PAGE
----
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Eurozone crisis: Will quantitative easing work?

45By Mahfuz Kabir

Once Einstein said, “Insanity is doing the same thing over and over again but expecting different results”. Exactly in an opposite story, Robert Bruce spoke about a spider that tried seven times to eventually succeed in spinning her web. However, economists are in-between. They have scientifically rigorous theories and models which are proved in laboratories but not working like physical science. These are aimed to explain the mysteries and address the economic ailments. The economic medications are put on trial time and again to get different results.

Bailout packages are sometimes perceived as a ‘shock therapy’ to severe macroeconomic downturns. In the last century, the first popular mega bailout package called ‘the big deal’ was followed by the Great Depression bulldozing the Western economies. We also witnessed the extensive heats of global financial crisis that had to resort to $70 billion mega bailout package in the United States.

There are debates over the effectiveness of bailouts to pull off the aggregate demand and rejuvenate market forces that are two mantras in the heart of capitalism. Notwithstanding, the European Central Bank (ECB) starts a gigantic dose of medicine worth around €1.1 trillion or US$1.2 trillion in its Quantitative Easing (QE) programme, which primarily aims at buying sovereign debts of €850 billion of the region. It also includes buying private sector assets and the debt of eurozone institutions.

The QE programme of ECB is regarded as the biggest recovery initiative of the present time, starting from March 2015 to June 2016. The ECB would be able to buy 20 per cent of sovereign bonds, and the rest is kept for individual central banks while they are allowed to purchase as many securities as is necessary. It is mainly targeted to give a significant boost to eurozone through countering expected deflationary pressure, i.e., massive collapse of prices emanating from continued recession and stagnation across euro economies. The apprehension had a solid ground – consumer prices in the 19 euro countries fell by 0.2 per cent in December 2014 alone, which was supposed to be the opposite as it was a festive period. The US already appreciated the initiative and is expecting its positive spill-over effect on its economy as Dow Jones industrial average was raised by 259.7 points or 1.5 per cent in a day immediately after the QE announcement. European and Asian markets also showed a generally positive effect.

Yet, started with East Asian crisis, this pandemic hits EU, the largest regional bloc that gave rise to a formidable challenge to the theory of economic integration: is economic regionalism financially viable at any stage of evolution? It is because of unprecedented scale and pace of the crisis that unbelievably weaken the strongest economies of the zone as well. Therefore, the remedial measure has turned out to be gigantic unprecedentedly with considerable risk of incurring losses. Thus, QE can be seen as an effort to formalise the spread of sovereign burdens across the region as a public good (or bad) to weaken the whole system.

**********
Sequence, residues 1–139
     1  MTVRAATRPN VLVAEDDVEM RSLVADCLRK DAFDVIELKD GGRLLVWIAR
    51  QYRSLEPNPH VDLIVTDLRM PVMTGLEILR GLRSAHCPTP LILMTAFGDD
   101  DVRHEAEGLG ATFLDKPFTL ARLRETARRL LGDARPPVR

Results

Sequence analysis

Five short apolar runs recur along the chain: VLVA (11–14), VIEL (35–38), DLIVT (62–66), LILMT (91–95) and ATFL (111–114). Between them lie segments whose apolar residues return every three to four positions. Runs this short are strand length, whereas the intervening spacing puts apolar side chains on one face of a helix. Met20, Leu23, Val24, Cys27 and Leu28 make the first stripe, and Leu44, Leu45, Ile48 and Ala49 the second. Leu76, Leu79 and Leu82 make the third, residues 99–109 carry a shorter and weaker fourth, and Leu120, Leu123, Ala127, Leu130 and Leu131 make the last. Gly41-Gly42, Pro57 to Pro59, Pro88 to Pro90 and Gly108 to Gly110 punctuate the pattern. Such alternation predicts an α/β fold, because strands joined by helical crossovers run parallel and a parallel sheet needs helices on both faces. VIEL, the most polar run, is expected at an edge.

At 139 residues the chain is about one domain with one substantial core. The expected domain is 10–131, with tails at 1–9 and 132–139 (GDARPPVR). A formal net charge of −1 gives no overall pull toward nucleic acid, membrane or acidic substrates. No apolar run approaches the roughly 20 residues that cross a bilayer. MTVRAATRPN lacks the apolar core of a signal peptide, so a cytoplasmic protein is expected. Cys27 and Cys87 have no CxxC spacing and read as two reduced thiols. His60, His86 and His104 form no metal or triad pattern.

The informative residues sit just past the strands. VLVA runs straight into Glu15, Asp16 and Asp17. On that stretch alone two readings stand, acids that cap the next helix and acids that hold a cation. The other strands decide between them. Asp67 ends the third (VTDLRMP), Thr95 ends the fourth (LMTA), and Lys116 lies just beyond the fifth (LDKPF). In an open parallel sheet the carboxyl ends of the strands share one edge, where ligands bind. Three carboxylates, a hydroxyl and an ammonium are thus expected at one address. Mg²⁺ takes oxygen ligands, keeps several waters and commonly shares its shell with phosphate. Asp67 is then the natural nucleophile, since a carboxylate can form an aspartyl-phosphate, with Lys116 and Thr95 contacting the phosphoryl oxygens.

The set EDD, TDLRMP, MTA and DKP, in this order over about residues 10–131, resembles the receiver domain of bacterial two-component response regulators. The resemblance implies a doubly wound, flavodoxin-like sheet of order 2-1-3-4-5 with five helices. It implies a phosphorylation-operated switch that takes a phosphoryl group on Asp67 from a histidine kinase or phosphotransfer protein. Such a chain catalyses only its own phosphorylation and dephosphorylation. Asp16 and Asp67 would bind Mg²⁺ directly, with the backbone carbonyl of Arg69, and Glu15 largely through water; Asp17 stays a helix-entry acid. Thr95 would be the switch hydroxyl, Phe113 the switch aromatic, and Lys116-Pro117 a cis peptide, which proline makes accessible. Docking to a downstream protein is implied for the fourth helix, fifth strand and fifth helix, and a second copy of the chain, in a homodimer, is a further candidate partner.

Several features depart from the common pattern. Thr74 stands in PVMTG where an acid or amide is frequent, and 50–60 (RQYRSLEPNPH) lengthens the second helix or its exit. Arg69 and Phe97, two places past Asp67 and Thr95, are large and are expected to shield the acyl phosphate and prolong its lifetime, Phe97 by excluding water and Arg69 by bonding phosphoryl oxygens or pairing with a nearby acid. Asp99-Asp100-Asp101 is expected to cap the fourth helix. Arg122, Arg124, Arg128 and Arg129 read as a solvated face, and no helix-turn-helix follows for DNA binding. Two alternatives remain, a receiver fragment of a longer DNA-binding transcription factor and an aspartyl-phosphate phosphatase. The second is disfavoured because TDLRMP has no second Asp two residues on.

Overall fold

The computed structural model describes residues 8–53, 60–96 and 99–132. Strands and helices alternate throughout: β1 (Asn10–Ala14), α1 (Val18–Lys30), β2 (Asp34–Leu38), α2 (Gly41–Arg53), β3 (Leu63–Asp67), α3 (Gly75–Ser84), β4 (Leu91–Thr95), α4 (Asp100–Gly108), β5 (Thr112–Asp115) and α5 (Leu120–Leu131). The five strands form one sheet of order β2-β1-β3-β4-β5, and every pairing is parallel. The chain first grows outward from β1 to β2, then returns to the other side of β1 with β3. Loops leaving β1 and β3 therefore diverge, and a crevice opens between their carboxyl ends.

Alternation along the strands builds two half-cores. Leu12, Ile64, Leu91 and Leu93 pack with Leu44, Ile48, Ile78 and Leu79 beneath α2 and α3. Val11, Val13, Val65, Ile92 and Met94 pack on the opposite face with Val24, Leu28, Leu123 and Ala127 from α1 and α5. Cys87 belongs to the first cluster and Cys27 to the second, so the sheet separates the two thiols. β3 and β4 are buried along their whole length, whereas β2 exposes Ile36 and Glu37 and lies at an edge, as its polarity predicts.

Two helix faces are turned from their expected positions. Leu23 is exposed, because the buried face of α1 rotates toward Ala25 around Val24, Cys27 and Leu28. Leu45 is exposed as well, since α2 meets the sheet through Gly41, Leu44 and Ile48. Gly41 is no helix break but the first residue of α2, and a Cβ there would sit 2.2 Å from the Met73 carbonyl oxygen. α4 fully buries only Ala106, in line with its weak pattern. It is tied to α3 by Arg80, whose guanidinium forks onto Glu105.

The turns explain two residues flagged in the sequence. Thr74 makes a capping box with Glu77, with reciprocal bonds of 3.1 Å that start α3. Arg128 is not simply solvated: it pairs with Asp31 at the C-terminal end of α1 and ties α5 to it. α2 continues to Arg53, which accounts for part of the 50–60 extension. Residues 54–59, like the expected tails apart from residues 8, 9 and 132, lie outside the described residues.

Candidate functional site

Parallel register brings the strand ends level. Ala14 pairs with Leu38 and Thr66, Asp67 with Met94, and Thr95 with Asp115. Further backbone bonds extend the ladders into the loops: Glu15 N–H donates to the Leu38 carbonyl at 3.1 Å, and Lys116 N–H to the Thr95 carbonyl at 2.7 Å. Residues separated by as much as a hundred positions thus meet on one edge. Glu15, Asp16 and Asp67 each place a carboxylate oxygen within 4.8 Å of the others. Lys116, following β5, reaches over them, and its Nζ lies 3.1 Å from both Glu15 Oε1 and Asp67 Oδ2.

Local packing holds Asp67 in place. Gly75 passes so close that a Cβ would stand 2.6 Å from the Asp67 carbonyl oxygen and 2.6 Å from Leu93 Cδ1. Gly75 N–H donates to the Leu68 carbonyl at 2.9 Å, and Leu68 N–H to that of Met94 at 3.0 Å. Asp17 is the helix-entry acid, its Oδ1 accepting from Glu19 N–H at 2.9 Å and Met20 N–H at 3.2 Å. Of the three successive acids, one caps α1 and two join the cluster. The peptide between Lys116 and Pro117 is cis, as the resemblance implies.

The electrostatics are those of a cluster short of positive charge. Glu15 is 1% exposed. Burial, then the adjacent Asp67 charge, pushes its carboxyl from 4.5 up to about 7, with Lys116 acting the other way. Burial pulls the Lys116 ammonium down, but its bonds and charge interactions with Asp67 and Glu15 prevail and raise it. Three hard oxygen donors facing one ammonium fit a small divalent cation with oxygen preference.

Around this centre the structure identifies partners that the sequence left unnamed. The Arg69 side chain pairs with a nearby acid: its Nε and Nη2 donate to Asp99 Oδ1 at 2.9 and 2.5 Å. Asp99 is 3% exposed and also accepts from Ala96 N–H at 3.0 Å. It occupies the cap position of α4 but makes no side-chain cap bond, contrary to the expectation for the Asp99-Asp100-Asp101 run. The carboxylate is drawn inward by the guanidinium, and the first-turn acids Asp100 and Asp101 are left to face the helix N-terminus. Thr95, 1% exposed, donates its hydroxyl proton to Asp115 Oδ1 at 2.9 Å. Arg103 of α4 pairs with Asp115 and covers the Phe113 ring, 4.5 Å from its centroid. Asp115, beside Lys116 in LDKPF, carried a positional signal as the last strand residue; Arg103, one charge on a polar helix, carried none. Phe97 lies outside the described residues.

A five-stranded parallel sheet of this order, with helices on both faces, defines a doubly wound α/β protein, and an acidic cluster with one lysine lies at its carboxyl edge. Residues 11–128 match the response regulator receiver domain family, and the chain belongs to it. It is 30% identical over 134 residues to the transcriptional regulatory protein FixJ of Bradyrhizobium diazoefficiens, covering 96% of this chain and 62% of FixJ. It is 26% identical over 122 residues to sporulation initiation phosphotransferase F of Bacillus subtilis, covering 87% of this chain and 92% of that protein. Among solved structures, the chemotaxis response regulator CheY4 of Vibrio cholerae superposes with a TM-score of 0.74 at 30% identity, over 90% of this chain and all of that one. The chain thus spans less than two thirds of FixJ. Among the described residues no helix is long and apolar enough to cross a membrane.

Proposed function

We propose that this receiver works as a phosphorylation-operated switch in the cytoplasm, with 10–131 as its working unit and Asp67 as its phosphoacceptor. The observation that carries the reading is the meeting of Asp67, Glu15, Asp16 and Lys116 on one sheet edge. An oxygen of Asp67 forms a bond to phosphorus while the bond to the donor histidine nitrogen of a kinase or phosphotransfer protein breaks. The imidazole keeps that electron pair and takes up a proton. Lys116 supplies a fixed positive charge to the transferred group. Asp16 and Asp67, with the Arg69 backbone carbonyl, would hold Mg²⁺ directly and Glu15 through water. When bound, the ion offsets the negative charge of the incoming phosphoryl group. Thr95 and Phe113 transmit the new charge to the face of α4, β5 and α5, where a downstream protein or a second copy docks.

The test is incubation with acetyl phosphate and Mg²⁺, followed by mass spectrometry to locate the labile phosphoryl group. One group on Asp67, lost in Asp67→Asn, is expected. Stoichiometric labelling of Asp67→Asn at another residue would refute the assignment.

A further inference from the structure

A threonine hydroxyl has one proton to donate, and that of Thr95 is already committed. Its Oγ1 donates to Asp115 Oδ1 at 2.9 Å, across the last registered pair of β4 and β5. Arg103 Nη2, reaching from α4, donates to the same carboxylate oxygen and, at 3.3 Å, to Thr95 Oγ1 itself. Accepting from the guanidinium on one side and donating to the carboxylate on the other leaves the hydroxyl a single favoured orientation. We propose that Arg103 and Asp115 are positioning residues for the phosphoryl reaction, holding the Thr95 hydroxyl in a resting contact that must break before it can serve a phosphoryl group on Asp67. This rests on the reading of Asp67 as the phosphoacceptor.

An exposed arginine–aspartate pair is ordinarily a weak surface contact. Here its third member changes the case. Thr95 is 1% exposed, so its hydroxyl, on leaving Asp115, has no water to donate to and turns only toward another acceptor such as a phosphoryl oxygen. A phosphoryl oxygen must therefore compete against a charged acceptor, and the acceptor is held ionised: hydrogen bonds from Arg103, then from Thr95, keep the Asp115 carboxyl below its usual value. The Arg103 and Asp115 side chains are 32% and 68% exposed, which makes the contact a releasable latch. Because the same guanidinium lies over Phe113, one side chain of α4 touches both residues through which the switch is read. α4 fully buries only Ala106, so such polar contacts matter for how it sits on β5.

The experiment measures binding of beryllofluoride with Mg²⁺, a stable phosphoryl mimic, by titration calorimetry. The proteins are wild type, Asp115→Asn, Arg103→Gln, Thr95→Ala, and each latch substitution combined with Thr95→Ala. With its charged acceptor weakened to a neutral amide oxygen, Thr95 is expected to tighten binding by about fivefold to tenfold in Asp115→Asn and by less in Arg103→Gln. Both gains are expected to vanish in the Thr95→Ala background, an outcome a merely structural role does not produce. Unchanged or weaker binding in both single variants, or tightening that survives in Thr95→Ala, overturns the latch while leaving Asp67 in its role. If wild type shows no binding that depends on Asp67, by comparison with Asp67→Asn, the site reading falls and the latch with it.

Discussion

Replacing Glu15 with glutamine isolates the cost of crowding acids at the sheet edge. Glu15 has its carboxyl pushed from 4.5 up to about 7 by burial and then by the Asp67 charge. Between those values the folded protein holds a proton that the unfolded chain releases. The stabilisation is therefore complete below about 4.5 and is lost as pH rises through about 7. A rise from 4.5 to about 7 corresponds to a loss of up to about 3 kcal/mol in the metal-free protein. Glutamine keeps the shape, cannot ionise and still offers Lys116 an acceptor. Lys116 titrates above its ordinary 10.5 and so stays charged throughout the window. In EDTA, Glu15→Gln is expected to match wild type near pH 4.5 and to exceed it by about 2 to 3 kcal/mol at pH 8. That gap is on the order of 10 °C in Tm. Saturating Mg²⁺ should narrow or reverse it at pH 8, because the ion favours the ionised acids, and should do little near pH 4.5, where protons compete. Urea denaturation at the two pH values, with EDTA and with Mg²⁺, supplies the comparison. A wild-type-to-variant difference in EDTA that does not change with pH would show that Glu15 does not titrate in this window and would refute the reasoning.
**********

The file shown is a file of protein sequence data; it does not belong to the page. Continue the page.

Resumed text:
Critics have already started mentioning the possible negative consequences as some of the central banks of the region including Germany bought bonds in prices that are likely to incur loss if these are held up to maturity. The initial symptom is also in favour of this apprehension as the bonds eligible for QE are being traded in stronger economies like France, the Netherlands, Finland, Belgium, Austria and Slovakia at negative yields. There is also an uncertainty over ECB’s selling out of bond worth €60 billion per month for buying public and private assets. Thus, there is a big question of credibility of the term in which the ECB is targeting the volume of bonds.

There is also a considerable risk of disintegration in Europe’s monetary policy, and increased crisis through exchange rate channel with other European countries. For example, Switzerland currently has the highest per capita foreign exchange reserve, and franc witnessed 40 per cent appreciation against the euro since 2011. Thus, QE is likely to escalate the gap between core and peripheral economies, and between the EU and other European countries.

Theoretically, the QE is expected to bring in a situation where everyone wins: encouraging businesses to invest in which more capital and labour are employed, and additional cash flow to both consumers and producers pull off the aggregate demand. The ECB assumed the QE to heal the moribund economies of the zone through influx of money that is expected to work as anti-austerity. Why was it so necessary? Was it because of sharp depreciation of euro, disinvestment, and alarmingly falling aggregate demand emanating from massive austerity and unemployment that can compel one to think after six decades of a rather deep integration: it is better to remain alone than united? The UK premier has categorically indicated in that direction to reform relationship with the EU a few months back.

Does QE have anything to do with the real economy just through penetration of money, inserting again and again like ‘insanity’? The response lies with how it is linked with the economy. It works as per neo-Keynesian paradigm if money it is channelled directly to productive activities, thereby increasing output growth and having positive effect on the labour market. Otherwise, printing euro would just be absorbed for nothing with inflation triggered as it is seen as a high-risk strategy working like a passage for inviting inflation expectations. Therefore, serious measure towards structural reform is badly needed to help reshape economies and rise naturally without negative spill-over. It would pave the way to work even in the last month of the programme like Bruce’s spider.